Addiction,  Support

Is sugar as addictive as cocaine?

This is a follow up of the previous post on “why you can’t just quit drug addiction ” feel free to check it out

Sugar addiction is an emotional or psychological dependence on sugary food or drinks.-

We all have a sweet tooth, well some more than others. This post is mainly going to address the issue of sugar addiction mostly among recovering addicts. As many addicts tend to substitute drugs or alcohol with sugar or sugary treats especially those recovering from heroine.

While taking the step to get rid of a drug addiction is an incredibly brave one to take most people don’t realize that for all the years they have been addicted to drugs or alcohol the brain has gotten used to that pleasure and happiness. So when you quit or are on the road to recovery the brain basically needs another source to derive that same pleasure from, and for most people it begins to ride on their SUGAR ADDICTION – now the problem is most of us are ignorant of this.

During recovery we’re focused on staying off that particular substance, drug or alcohol that we don’t pay attention to our amount of sugar intake in our foods, snacks or drinks. We talked earlier about the brains reward or pleasure centre designed to release neurotransmitters like dopamine mainly responsible for feelings of happiness and pleasure and serotonin responsible for inhibiting impulses of pain and causes depression of mood and sleep.

So basically when the main object of pleasure that is the drug or alcohol is no longer available the body relies on other “feel good” substances for pleasure like sugar, your intake of sugar stimulates the brain’s reward centre to produce excess amount of dopamine which will in turn cause the repeated use of sugar. Sugar addiction also reduces the amounts of serotonin causing mood swings .

And like in the case of drugs at a point the normal intake of sugar wouldn’t be enough to produce the same effects leading to taking of higher amounts to get that same level of pleasure as before. You can trust your body to not say no to sugar especially at a time like this.

Insulin, a hormone in the body is responsible for providing sugar to the body cells and breaking down the glucose gotten from sugar for the cells, so when there’s an increased amount of sugar in the body there will be a subsequent increase in insulin production leading to a drop in blood glucose in the body also known as hypoglycemia .

Symptoms of hypoglycemia such as anxiety, fatigue, cravings and irritability etc and increased activity in the adrenal gland can lead to relapse while in recovery as the brain relies on glucose for energy. This symptoms due to sugar addiction can be mistaken for a need for drugs or alcohol.

Withdrawal symptoms of sugar addiction.

According to

Sugar addiction is most apparent when withdrawal symptoms are present. These include:

  • Headaches (These may be mild in nature, occurring on and off over a period of a couple days)
  • Low energy
  • Mood swings
  • Muscles aches and pains
  • Nausea
  • Vomiting
  • Stomach pains
  • Chills
  • Sweating
  • Insomnia
  • Runny nose
  • Dilated pupils
  • Watery eyes
  • Hunger

Negative effects of sugar addiction.

  • Obesity or being overweight
  • Type II Diabetes
  • High blood pressure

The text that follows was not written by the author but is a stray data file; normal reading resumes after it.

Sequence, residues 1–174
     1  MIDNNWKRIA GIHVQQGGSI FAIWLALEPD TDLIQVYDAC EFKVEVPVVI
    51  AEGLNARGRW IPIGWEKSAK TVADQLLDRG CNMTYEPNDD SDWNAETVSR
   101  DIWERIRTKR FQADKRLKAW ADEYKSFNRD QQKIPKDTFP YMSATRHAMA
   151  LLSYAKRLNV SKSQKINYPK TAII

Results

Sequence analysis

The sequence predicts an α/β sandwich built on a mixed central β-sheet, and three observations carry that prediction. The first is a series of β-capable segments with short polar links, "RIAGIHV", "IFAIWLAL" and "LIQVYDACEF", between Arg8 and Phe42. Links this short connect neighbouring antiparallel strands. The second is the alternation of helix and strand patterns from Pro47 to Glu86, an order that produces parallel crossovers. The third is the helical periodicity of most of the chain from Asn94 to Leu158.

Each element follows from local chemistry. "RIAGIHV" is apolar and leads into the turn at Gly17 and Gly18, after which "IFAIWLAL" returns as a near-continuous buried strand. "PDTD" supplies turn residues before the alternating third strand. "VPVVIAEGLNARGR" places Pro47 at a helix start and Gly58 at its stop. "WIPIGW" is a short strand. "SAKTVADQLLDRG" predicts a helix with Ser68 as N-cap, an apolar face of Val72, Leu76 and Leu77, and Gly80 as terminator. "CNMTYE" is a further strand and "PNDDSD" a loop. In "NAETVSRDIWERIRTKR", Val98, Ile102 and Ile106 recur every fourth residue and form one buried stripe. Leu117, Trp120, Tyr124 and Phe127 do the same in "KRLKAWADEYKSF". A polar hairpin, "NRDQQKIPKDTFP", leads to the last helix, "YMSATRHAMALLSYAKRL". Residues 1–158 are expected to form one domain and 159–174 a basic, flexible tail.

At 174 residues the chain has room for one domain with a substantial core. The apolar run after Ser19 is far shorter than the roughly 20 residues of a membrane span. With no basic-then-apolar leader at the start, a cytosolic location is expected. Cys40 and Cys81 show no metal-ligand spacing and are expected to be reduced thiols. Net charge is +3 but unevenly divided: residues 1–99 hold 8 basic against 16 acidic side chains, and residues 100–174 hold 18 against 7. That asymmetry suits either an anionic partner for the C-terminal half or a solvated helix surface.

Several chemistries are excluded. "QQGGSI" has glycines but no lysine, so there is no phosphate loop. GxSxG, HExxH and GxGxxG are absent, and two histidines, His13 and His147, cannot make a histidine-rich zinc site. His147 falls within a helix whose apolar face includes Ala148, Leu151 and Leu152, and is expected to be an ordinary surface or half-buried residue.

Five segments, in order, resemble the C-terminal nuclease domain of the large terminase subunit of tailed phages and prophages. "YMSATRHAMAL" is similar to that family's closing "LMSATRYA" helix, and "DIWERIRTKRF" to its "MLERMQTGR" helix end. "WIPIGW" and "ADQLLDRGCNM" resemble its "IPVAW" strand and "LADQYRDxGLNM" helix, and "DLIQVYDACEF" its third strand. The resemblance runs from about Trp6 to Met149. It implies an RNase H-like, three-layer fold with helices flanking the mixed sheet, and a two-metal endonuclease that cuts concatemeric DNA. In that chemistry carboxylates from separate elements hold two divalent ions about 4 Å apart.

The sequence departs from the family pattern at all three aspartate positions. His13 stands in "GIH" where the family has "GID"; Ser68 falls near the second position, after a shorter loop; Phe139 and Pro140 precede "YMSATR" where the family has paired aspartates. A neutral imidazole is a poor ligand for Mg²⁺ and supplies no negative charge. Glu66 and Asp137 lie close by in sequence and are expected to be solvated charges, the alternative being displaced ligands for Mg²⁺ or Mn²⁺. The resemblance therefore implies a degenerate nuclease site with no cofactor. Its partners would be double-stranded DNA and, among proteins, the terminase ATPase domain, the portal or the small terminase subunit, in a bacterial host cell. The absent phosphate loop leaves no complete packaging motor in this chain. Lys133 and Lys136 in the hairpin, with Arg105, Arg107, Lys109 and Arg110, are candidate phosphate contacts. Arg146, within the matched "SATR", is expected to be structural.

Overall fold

• Heart disease
  • Tooth decay
  • Stress
  • Hot flashes
  • Gout
  • Infertility
  • Erectile dysfunction
  • Kidney disease
  • Poor skin quality
  • Fatty liver disease
  • Depressed immune system
  • Cancer
  • Stroke
  • Liver failure
  • Depression

Dealing with sugar addiction while in recovery or after recovery.

The first step to overcoming this addiction is to actually come to terms and agree with the fact that you indeed have a sugar addiction. Quit the denial, swallow your pride and get help.

Culled from

  1. Eat in regular intervals, every 4 hours, to stabilize blood sugar. This is SO important. If you go too long without eating or skip meals, your body releases a cascade of stress hormones in response, causing a spike and crash in blood sugar levels that leaves you irritable, tired and wired, and craving sugar.

2. Caffeine and nicotine aggravate hypoglycemia and disrupt blood sugar balance. Do not drink coffee on an empty stomach, and do not substitute meals for coffee. If you drink coffee, always drink it with a protein-based meal, and consider swapping it for green tea a few days weekly. Do not drink coffee after 12pm.

3. Use Glutamine supplements. 500– 1,000 mg of glutamine taken as needed can help ward off sugar cravings.

4. B vitamin complex can help the body adjust to stress. H

5. Crave Arrest SupplementThis supplement can help you overcome cravings for sugar and nicotine. It helps balance serotonin and dopamine levels in the brain. Take it daily to help build up neurotransmitter levels.

7. Really focus on good sleep habits. Sleep is one of the most critical factors for both recovery and for hormone balance, blood sugar balance, and improved stress response. Here are my sleep hygiene tips.

8. Breakfast is key! When you wake up in the morning, you’ve been fasting for at least 8 hours, and blood sugar levels are low. Help your body by eating a great breakfast with protein and healthy fats, plus a little carbohydrate. This sets the stage for balanced mood and energy all day long.

9. Make sure you are eating enough. Eat enough calories for your activity level and physiology. Eating too little drives cravings.

10. Get some protein and healthy fat at every meal. Proteins and fats help ward off cravings and keep blood sugar levels stable. Examples: meat, fish, eggs, legumes, protein smoothie with hemp, rice, or pea protein. Healthy fats include coconut oil, olive oil, butter, avocado.

11. Get your minerals through greens. Green vegetable juices are an excellent source of minerals, as are your leafy green veggies, so eat kale and spinach!